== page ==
Sphero Bolt review

Coding-focused playtime

Sphero Bolt
Image credit: TechRadar

TechRadar Verdict

Sphero’s rolling robot gets a better battery and an LED display.


  • +

    Almost infinitely programmable

  • +

    Very durable


  • -

    Lacks the personality of earlier bots

  • -

    Requires patience

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You’re probably familiar with Sphero’s family of spherical, programmable robots. Some are for fun, some for education, and the Bolt is a bit of both.

It’s a tough, waterproof and transparent three-inch rolling robot that’s designed to teach children and grown-ups how to code using the accompanying mobile app, but you can also use it as a toy to terrorize parents and pets.

Price and availability

Our resident tweenager liked the Sphero Bolt a lot, but she doesn’t have to pay for it – and that’s where the biggest problem with the Bolt comes in. With prices starting at $149.99/£149.95/AU$249.99 it’s expensive for what many parents will consider a toy, and the price is likely to rule out having more than one Bolt, too.

However, its price is about on a par with other educational robots. The Bolt is currently slightly less expensive than its closest rival, Anki's Cozmo (a less flexible but more toy-like option) and much more affordable than the Anki Vector (which is part toy, part robot and part family pet).

The cost also becomes more palatable if several Bolts are bought as an investment for a whole class of school children.


Like the original Sphero, the Sphero Bolt is an almost perfect transparent sphere, crammed full of sensors. The most obvious difference between the Bolt and its predecessor is that this one comes with a very bright 8x8 LED display that you can use to show messages, display animations, change colours or respond to input from the on-board sensors. There are no speakers, so sound is handled by the app.

In addition to its Bluetooth connection with your phone or tablet, the Bolt also has infra-red communication so it can work with other Bolts, which could be fun in classrooms. Range is around five metres, Sphero says, and up to five Bolts can play together at a time. It also has a light sensor to detect luminosity and a magnetometer so that the device knows what direction it’s pointing in.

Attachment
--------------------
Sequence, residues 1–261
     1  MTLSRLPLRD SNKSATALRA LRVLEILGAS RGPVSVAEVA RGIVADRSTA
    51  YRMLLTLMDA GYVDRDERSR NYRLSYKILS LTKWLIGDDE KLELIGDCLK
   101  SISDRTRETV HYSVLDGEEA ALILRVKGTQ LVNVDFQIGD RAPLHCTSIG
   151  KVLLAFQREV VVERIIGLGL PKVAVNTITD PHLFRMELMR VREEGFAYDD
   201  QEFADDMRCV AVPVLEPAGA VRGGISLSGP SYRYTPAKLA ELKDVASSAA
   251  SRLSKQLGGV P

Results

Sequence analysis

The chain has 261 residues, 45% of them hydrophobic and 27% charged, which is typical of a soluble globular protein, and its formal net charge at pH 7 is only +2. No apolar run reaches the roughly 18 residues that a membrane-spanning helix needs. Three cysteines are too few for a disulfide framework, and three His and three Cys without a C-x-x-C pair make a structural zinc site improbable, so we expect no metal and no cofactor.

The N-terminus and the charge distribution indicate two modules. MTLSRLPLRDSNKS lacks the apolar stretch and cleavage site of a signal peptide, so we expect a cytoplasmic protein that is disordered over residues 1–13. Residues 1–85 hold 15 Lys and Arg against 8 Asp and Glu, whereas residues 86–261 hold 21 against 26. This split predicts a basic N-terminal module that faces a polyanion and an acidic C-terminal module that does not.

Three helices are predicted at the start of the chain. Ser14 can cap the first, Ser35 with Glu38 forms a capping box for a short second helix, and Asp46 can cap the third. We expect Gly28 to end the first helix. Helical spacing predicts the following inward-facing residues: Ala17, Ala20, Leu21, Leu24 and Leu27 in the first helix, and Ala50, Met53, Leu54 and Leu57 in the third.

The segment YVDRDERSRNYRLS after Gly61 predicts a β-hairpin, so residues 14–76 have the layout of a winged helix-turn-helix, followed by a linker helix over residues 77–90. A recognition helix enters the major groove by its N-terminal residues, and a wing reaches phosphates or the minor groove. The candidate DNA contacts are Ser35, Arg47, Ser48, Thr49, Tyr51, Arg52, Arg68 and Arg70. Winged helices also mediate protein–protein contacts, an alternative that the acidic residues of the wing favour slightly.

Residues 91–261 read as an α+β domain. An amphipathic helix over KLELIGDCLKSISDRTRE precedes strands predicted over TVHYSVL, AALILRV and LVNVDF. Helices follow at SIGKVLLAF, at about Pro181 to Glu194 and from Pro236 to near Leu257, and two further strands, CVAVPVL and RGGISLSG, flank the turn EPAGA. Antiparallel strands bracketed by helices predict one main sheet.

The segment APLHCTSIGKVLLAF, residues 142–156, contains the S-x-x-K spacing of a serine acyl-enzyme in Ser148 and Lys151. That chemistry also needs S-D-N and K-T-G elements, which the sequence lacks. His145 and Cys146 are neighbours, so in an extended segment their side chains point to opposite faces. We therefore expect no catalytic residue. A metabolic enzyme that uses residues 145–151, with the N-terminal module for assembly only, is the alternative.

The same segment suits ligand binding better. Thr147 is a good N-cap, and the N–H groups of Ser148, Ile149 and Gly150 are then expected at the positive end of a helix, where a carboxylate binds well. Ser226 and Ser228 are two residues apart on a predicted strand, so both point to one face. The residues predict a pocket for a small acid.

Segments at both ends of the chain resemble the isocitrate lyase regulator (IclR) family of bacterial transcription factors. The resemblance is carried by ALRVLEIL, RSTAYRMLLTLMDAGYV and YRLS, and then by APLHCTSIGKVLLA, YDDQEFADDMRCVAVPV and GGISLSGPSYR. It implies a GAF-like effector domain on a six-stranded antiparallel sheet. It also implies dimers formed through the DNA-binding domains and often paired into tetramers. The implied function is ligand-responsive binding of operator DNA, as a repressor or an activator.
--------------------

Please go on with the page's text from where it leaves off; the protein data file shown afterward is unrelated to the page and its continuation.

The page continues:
Sphero Bolt

Image credit: TechRadar

A bigger battery means play time is longer than previous models – around two hours between charges compared to one hour for previous models. A charging cradle is included in the package.

The downside is that a bigger battery needs longer to charge, so while playtime is twice that of previous Spheros so is the charge time. Expect around six hours to fully charge from a flat battery.


The Bolt is controlled via the Sphero Edu app, which is available for iOS, Android and Amazon devices. There’s also a desktop version for PC, Mac and Chrome.

A second app, Sphero Play, is also available in the various app stores for touch-based navigation and general messing around. Parents beware: there’s a Scream Drive setting in that one that makes the Bolt move faster the louder your child screams or shouts at it. You can also use Swift Playgrounds, which offers two Sphero playgrounds: Sphero Arcade and Sphero Template.

Sphero Edu enables you to try other people’s code or create your own. Coding is simple, and comes in three flavors: the beginner-friendly Draw, where you draw the shape you want your Bolt to follow; Blocks, which uses Scratch code blocks that you can drag together to create a set of instructions; and Code, where you program your sphere using JavaScript. It’s a bit fiddly on a mobile, though: Blocks is much more phone-friendly. 

If you aren’t familiar with Scratch, it’s very similar in concept to IFTTT (If This Then That): you set out your criteria – the 'this' – and then specify what should happen – the 'that'. For example, you might create a set of instructions that asks if it’s dark and lights up the screen if the answer is yes. MIT has a complete guide and examples.

If you elect to use the desktop app, it’s worth noting that you can’t run programs directly from it. They need to be opened in the mobile app that’s connected to your Bolt in order to control it, so you need to save them to your library and then open them on your phone or tablet. 

What’s it like to play with? We asked an eleven-year-old. “It’s really easy to program,” she said. “You don’t even need a tutorial: the coding blocks are very clearly labelled. There’s a very simple intro and that’s all you need to get going.”

Her favourite feature? “The display. The coolest thing is that you can put wee animations on the light, fading colours into different ones.”


The Sphero Bolt is beautifully engineered, very clever and tons of fun, and it’s clearly going to be a very valuable tool in an educational environment. However, if you’re considering it for your home it does seem like an awful lot of money for something that’s likely to display rude words as it careers into your ankles.

Carrie Marshall

Writer, broadcaster, musician and kitchen gadget obsessive Carrie Marshall (Twitter) has been writing about tech since 1998, contributing sage advice and odd opinions to all kinds of magazines and websites as well as writing more than a dozen books. Her memoir, Carrie Kills A Man, is on sale now. She is the singer in Glaswegian rock band HAVR.